Professor Enzo Di Fabrizio has taken photographs of DNA directly using an electron microscope.
While the double-corkscrew form of DNA has been observed indirectly using X-ray crystallography, this is the first time anyone has been able to take a picture of it directly. Professor Di Fabrizio and colleagues constructed a nanoscopic landscape of silicon pillars, then poured on a solution containing strands of DNA. The liquid evaporated, leaving the DNA strands stretched between the pillars like tiny tight-ropes.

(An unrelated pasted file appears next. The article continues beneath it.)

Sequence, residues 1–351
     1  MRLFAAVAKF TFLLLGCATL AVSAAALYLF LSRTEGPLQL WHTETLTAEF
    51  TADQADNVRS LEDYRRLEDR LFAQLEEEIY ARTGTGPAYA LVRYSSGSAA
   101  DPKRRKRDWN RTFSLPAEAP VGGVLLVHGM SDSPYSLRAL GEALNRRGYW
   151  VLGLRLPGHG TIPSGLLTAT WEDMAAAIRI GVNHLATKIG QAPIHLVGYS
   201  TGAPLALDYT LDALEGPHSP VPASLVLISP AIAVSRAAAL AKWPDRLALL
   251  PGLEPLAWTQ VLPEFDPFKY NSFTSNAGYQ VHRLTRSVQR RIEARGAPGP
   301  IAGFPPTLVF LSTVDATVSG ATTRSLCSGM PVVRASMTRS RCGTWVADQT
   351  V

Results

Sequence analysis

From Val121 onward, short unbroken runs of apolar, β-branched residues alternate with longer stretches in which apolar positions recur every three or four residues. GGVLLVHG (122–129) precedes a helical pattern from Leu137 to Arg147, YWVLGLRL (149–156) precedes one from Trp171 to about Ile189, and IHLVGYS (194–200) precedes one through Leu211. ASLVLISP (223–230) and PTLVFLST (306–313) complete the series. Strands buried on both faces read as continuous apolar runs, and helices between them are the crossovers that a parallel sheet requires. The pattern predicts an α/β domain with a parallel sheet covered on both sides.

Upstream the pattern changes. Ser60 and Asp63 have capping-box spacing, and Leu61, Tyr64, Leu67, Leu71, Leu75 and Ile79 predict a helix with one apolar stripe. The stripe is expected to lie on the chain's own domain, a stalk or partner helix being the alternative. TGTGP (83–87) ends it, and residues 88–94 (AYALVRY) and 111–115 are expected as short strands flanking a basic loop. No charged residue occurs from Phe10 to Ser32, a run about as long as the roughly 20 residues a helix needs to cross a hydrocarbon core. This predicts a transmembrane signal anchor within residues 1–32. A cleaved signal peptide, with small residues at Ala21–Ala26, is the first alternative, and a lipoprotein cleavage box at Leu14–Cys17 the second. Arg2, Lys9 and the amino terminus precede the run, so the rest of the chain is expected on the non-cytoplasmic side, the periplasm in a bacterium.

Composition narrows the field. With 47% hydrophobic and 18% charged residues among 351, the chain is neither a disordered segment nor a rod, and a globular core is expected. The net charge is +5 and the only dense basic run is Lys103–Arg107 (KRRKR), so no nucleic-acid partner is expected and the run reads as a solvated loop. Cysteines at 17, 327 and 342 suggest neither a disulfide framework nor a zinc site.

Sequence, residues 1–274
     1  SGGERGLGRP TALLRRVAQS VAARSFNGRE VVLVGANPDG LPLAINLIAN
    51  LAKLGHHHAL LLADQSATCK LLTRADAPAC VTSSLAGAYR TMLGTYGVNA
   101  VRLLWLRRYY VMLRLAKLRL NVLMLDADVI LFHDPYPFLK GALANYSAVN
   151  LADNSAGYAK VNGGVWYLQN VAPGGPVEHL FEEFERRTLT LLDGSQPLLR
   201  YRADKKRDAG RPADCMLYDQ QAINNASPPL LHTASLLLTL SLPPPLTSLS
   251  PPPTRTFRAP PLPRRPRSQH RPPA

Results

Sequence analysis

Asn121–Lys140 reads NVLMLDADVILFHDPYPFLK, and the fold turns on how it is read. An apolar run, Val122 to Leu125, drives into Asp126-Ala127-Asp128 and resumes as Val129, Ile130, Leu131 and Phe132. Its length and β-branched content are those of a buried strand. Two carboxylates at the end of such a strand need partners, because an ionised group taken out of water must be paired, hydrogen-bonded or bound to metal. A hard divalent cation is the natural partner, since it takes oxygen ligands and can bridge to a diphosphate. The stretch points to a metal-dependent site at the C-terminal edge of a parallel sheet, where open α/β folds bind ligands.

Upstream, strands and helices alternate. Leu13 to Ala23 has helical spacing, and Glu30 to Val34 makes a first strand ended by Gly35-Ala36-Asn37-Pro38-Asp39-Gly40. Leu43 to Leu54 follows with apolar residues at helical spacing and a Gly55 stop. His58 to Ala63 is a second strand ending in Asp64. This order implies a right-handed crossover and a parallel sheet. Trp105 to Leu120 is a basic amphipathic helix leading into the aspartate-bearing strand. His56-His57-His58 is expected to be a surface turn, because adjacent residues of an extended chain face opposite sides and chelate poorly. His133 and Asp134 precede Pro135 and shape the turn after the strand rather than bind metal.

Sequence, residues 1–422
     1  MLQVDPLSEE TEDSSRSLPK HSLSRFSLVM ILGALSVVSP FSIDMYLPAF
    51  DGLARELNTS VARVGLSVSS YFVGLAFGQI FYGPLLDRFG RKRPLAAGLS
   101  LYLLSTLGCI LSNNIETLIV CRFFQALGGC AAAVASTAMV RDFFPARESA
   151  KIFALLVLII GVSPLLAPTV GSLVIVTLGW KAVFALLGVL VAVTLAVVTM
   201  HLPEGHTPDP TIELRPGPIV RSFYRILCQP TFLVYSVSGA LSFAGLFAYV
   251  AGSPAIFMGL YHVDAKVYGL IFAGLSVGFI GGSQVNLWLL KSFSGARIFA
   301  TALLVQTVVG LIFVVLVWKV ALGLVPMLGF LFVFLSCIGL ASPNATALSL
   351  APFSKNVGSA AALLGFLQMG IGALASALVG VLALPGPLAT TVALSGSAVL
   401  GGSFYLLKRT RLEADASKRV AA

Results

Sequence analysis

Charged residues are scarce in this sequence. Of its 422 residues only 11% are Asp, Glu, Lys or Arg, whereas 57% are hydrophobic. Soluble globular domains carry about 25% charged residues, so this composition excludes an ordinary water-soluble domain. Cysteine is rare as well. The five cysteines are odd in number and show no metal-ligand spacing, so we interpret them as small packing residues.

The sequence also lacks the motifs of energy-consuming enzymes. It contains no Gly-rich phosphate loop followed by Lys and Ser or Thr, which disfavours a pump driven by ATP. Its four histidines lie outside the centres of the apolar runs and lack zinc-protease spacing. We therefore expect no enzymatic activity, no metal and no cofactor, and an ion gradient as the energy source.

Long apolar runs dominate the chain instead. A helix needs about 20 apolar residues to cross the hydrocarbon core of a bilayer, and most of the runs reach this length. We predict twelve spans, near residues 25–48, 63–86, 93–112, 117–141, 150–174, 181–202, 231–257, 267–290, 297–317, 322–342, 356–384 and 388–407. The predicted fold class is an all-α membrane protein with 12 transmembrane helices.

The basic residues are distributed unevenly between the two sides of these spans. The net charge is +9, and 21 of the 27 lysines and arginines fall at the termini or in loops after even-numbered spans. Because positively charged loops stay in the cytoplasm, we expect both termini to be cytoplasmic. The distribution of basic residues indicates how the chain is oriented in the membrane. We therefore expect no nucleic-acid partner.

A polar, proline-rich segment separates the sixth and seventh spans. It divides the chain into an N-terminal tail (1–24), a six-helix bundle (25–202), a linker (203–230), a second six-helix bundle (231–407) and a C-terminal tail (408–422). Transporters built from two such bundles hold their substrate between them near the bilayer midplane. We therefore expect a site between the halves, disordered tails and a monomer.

To capture the image, beams of electrons were shone through holes in the silicon to produce high resolution photographs of the DNA molecules. The achievement provides new insight in to the nanoscopic world of DNA and makes it possible for us to set eyes upon it directly for the first time.
"Fifty-nine years after James Watson and Francis Crick deduced the double-helix structure of DNA, a scientist has captured the first direct photograph of the twisted ladder that props up life."
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